Horsepower vs. Torque

So what’s more important to you: the thrill of getting up to speed, or the strength to stay there?

I had a conversation the other day with Charles Hubbard about what people look for in a performance car. Hubbard is with the Lexus College, and one of my favorite resident Lexus-vehicle geniuses.

“You know, a lot of people buy horsepower, when what they really want is torque,” Hubbard told me. “Torque is what gets you to the speed you want quickly; horsepower is what keeps you there.”

The concept of horsepower as a measurement of work was identified in the 1800s by steam engine pioneer James Watt, who ponied up the term based on his observation of horses working in a mill. It’s an arcane concept that has stuck with us to this day.

Torque, on the other hand, is the twisting, rotational force generated by an engine; this force is transferred through the drive system into the wheels. Torque is what pushes you back in the seat when you step on the accelerator.

An engine might have plenty of horsepower, but hardly any torque. Think of a ship’s engine: it has the strength to move thousands of tons of steel, but it takes a loooong time to get up to speed. In other words, very little torque. By contrast, a vehicle can have so much torque that its tires are unable to get a grip, and simply spin. Pointless.

Lexus performance vehicles have exceptional horsepower and torque ratings. A quick look at the online Competitive Comparison, for example, reveals impressive numbers for the Lexus IS F: its horsepower and torque ratings exceed those of the BMW M3 and Audi A4.

If you look closely at the comparison, you’ll notice that these peak horsepower and torque ratings are achieved at relatively high rpm. This high-rpm “sweet spot” is where maximum performance is delivered.

This demonstrates why engineering a performance car means far more that just sticking a high-power engine under the hood. The trick for engineers is to optimize the engine management system so that the car gets to this sweet spot quickly and remains there as long as possible. Everything plays a role: valve train, compression rating, transmission gearing, and so on.

Hubbard points out that this can lead to engine management choices that may not seem intuitive to the layman. For example, when the 2013 GS 350 F SPORT made its debut, many journalists asked why it came with a six-speed automatic transmission instead of the eight-speed automatic found in the LS. After all, more is better, right?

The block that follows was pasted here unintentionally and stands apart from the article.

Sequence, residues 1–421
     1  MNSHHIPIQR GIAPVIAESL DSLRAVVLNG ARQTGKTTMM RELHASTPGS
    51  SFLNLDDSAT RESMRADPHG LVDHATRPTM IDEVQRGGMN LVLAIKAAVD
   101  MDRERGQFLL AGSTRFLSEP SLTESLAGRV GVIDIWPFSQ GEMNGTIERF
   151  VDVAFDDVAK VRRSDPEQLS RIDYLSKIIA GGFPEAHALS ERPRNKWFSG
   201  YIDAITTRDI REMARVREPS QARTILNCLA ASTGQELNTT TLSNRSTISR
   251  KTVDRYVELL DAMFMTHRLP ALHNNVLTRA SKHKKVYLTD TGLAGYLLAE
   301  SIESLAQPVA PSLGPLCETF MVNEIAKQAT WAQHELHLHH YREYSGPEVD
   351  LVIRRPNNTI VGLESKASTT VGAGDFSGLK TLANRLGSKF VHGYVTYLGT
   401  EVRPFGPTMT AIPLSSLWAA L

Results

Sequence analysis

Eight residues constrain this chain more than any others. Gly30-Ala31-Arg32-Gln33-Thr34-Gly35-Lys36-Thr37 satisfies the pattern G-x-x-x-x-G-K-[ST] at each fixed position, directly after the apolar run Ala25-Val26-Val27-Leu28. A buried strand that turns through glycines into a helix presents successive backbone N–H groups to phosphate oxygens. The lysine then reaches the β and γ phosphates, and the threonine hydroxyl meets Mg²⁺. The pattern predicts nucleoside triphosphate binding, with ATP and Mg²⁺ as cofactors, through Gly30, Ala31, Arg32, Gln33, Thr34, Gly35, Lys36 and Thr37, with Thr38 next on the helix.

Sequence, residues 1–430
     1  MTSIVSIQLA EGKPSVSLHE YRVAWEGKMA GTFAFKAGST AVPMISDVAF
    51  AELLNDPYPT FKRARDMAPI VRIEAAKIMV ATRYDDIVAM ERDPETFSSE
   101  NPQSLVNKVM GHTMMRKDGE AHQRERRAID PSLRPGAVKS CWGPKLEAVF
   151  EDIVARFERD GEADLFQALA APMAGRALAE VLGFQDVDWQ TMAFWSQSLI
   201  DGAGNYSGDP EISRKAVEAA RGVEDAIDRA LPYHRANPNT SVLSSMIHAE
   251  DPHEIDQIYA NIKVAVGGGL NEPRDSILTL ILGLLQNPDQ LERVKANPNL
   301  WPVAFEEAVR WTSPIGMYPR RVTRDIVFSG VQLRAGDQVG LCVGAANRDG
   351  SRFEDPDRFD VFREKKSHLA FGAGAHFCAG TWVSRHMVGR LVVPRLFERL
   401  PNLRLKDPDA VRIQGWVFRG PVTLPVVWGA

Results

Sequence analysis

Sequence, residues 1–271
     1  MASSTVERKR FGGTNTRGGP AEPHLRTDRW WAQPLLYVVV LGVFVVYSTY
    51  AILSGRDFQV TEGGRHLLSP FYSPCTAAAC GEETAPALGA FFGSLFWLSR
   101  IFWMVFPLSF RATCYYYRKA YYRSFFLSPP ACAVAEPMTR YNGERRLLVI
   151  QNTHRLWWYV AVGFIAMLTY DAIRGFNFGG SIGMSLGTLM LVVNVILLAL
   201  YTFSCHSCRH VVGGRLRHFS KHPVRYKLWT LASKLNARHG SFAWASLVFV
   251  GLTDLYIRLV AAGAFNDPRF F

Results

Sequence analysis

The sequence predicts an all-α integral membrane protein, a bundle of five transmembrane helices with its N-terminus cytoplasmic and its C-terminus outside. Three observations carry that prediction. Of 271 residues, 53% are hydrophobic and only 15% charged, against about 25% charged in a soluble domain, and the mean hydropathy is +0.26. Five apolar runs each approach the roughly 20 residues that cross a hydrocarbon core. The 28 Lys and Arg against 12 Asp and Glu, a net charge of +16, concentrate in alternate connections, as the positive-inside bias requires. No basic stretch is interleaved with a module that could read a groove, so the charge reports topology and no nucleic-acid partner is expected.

Not necessarily. In the case of the GS model, all things considered, the chief engineer felt he wouldn’t get the performance he wanted out of the car using an eight-speed transmission—too much torque for this particular model.

Of course, a great thing about the GS 350 F SPORT is that it offers Drive Mode Select: a dial that allows the driver to choose the level of performance they want: Eco, Normal, Sport, and Sport Plus. This feature lets drivers actually change torque delivery.

“The rotary dial lets me choose an ‘alter ego’ for the car,” says Hubbard. “In Eco mode, I get a real smooth shift; it takes some of the torque curve out of it, and backs off the suspension a little bit for a smooth ride. But if I want an alter ego—a Mr. Hyde to contrast that Dr. Jekyll—I just twist the knob up to Sport Plus. This alters my engine management, my transmission shifts, and my steering and suspension habits to where now I’ve got a real performance car.”

Of course, where torque really comes into play is in Lexus hybrid vehicles. Remember when we were talking about how gas engines wind up to a high rpm in order to deliver optimal torque? The same is not true of electric motors.

“The neat thing about our hybrid power trains is that electric motors give you instant torque,” says Hubbard. “As long as I’ve got plenty of juice in the battery, I can get all the power instantly and really make the car cook.”

Put differently, the instant torque provided by electric motors is what gives hybrids their surprising launch.

I guess this means we should set aside arguments about horsepower vs. torque. At the end of the day, it’s the driving experience that matters.

“Bottom line, if I’m going to be looking at a performance car right now, I would look at the GS,” concludes Hubbard. “It could be the GS 350 F SPORT or the GS 450h. Both of them offer Drive Mode Select with the Sport Plus setting, which gives you those alter egos I was talking about. And both are just a kick to drive.”

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